The Other SPAD Aircraft
When people think of the SPAD most think about the two most well known designs, the single seat S.VII and S. XIII fighters. THe SPAD (Société Pour L'Aviation et ses Dérivés ) built several less known biplanes. Today I am concentrating on their two seat aircraft. Most of the designs were not particularly successful, and some were extremely poor performers. Even though they were not the greatest aircraft they are fun to draw.
SPAD Two Seat Aircraft - 1915
One of the more outlandish attempts to design an aircraft with forward firing capabilities. The gunner/observer sat in a small cabin that was attached in front of the prop of the engine. There were many problems with this design, ranging from lack of communication between crew members, to a safety issue for the observer. Many of these planes were exported to Russia where they received no praise from the Russian aviators. Some one once said that flying the A-II was a waste of ammunition for both sides of the conflict.
SPAD Two Seat Aircraft - 1917
The SPAD S.XI or SPAD 11 was a French two-seat biplane reconnaissance aircraft of the First World War. The SPAD 11 was the work of Louis Béchereau, chief designer of the Société Pour L'Aviation et ses Dérivés (SPAD), who also designed the highly successful SPAD 7 and SPAD 13 single-seat fighter aircraft. It was developed under military specification C2, which called for a two-seat fighter aircraft. As a result of its failure to meet the levels of performance and agility demanded by the C2 specification, the SPAD 11 was used, along with the more successful Salmson 2 and Breguet 14, to replace aging Sopwith 1½ Strutter and Dorand AR reconnaissance aircraft. Persistent problems with the SPAD 11 led to its early replacement by the SPAD S.XVI or SPAD 16 variant.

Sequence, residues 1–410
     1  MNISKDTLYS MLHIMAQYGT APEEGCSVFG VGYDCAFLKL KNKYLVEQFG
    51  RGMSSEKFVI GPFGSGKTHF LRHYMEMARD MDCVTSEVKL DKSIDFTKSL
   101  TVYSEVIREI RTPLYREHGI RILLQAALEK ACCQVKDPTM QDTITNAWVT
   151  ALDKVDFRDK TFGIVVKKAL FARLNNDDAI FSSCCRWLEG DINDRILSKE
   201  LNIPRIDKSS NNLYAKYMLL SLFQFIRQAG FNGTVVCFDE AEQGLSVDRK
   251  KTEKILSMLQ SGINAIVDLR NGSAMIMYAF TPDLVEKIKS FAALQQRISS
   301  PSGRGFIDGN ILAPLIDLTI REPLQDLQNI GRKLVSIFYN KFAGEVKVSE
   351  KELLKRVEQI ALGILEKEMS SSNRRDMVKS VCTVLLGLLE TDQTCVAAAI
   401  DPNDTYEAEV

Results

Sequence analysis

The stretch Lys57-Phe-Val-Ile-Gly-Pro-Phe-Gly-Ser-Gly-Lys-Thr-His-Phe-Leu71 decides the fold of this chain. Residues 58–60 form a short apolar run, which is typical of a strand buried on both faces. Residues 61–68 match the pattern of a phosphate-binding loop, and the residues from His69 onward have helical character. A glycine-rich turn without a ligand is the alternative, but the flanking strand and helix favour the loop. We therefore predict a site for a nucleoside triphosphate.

SPAD Two Seat Aircraft - 1918
The Spad XVI was a two-seat version of the very successful single-seat Spad fighters of World War I, the Spad VII and the Spad XIII. The first Spad two-seat design to see front-line service was the Spad XI. The Spad XVI was an attempt to improve upon it by replacing the Spad XI's 220-horsepower Hispano-Suiza engine with a 240-horsepower Lorraine-Dietrich 8Bb. The Spad XVI appeared in January 1918. It was slightly faster than the Spad XI, but had a lower ceiling and the same poor handling qualities. It offered no overall improvement. Nevertheless, approximately 1,000 Spad XVIs were built, ultimately equipping 32 French escadrilles.